Theoretical and Applied Genetics

, Volume 130, Issue 1, pp 137–150 | Cite as

Development of the first consensus genetic map of intermediate wheatgrass (Thinopyrum intermedium) using genotyping-by-sequencing

  • Traci Kantarski
  • Steve Larson
  • Xiaofei Zhang
  • Lee DeHaan
  • Justin Borevitz
  • James Anderson
  • Jesse Poland
Original Article

Abstract

Key message

Development of the first consensus genetic map of intermediate wheatgrass gives insight into the genome and tools for molecular breeding.

Abstract

Intermediate wheatgrass (Thinopyrum intermedium) has been identified as a candidate for domestication and improvement as a perennial grain, forage, and biofuel crop and is actively being improved by several breeding programs. To accelerate this process using genomics-assisted breeding, efficient genotyping methods and genetic marker reference maps are needed. We present here the first consensus genetic map for intermediate wheatgrass (IWG), which confirms the species’ allohexaploid nature (2n = 6x = 42) and homology to Triticeae genomes. Genotyping-by-sequencing was used to identify markers that fit expected segregation ratios and construct genetic maps for 13 heterogeneous parents of seven full-sib families. These maps were then integrated using a linear programming method to produce a consensus map with 21 linkage groups containing 10,029 markers, 3601 of which were present in at least two populations. Each of the 21 linkage groups contained between 237 and 683 markers, cumulatively covering 5061 cM (2891 cM––Kosambi) with an average distance of 0.5 cM between each pair of markers. Through mapping the sequence tags to the diploid (2n = 2x = 14) barley reference genome, we observed high colinearity and synteny between these genomes, with three homoeologous IWG chromosomes corresponding to each of the seven barley chromosomes, and mapped translocations that are known in the Triticeae. The consensus map is a valuable tool for wheat breeders to map important disease-resistance genes within intermediate wheatgrass. These genomic tools can help lead to rapid improvement of IWG and development of high-yielding cultivars of this perennial grain that would facilitate the sustainable intensification of agricultural systems.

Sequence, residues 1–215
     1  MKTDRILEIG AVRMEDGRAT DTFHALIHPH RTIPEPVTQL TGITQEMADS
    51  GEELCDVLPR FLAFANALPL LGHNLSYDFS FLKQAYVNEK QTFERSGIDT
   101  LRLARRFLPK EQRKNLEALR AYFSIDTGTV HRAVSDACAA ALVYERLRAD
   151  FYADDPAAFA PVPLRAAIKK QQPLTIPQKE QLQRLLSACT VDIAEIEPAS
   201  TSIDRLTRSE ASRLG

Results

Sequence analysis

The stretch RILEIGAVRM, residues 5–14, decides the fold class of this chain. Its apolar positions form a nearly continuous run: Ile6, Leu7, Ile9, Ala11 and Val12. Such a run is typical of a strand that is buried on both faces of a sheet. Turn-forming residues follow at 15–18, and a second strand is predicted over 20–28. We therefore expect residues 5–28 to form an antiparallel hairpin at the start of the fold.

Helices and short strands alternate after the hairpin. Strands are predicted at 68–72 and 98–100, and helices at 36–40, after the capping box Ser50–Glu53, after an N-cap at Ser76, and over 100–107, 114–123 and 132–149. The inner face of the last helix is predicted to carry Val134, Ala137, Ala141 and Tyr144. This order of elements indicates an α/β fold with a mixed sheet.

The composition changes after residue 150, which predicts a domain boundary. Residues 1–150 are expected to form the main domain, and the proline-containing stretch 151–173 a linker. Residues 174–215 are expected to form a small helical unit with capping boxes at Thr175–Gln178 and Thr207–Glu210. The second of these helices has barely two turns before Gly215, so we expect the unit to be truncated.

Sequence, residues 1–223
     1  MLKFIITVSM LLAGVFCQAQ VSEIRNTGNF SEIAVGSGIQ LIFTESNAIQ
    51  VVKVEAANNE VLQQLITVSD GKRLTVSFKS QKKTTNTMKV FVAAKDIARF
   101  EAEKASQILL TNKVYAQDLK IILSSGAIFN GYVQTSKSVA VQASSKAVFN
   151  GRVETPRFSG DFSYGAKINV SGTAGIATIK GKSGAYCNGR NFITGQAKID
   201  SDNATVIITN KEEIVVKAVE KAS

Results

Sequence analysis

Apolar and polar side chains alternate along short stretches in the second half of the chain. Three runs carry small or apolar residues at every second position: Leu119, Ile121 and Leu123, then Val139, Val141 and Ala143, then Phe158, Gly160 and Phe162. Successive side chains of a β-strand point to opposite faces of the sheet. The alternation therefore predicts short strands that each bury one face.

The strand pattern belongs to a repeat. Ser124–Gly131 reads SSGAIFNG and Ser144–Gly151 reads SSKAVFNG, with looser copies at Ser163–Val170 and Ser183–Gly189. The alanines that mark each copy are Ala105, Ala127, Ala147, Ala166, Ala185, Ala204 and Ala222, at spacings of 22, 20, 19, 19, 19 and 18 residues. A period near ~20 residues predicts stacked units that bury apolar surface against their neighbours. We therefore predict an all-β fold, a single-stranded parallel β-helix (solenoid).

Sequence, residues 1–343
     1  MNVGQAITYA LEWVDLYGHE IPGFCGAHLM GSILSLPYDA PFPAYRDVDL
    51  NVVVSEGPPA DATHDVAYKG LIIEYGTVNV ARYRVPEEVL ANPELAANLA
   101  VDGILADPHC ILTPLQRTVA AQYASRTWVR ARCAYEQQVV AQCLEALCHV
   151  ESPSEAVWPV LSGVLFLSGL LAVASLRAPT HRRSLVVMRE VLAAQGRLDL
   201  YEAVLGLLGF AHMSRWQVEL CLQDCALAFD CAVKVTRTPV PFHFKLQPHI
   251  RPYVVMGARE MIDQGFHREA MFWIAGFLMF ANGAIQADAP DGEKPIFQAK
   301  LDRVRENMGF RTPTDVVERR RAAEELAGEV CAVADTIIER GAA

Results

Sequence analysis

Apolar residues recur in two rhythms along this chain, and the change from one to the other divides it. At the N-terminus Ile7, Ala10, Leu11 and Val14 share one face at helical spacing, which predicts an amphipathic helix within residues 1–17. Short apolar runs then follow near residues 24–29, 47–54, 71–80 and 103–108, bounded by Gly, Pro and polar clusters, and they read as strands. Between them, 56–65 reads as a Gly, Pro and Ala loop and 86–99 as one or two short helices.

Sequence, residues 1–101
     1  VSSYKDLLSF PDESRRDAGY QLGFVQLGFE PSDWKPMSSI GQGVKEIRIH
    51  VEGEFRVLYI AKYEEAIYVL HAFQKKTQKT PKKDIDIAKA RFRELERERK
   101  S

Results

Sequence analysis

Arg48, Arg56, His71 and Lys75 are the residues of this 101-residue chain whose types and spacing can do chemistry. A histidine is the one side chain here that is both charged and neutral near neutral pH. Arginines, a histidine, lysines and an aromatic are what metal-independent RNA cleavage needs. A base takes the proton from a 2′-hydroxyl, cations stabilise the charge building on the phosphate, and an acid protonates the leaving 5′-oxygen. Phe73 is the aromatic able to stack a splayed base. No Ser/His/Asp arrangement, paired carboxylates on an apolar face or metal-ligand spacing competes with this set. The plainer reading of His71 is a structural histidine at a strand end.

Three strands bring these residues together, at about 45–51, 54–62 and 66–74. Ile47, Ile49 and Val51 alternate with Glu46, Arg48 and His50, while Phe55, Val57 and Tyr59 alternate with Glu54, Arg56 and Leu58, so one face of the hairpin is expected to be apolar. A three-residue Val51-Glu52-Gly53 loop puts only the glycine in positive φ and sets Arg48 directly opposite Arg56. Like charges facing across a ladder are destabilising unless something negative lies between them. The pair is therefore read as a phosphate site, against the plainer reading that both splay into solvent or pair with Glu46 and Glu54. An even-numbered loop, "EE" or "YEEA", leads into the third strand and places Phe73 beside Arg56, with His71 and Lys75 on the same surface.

Supplementary material

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Copyright information

© Springer-Verlag Berlin Heidelberg 2016

Authors and Affiliations

  1. 1.Department of Plant PathologyKansas State UniversityManhattanUSA
  2. 2.USDA-ARS, Forage and Range ResearchUtah State UniversityLoganUSA
  3. 3.Department of Agronomy and Plant GeneticsUniversity of MinnesotaSt. PaulUSA
  4. 4.The Land InstituteSalinaUSA
  5. 5.Research School of BiologyAustralian National UniversityCanberraAustralia

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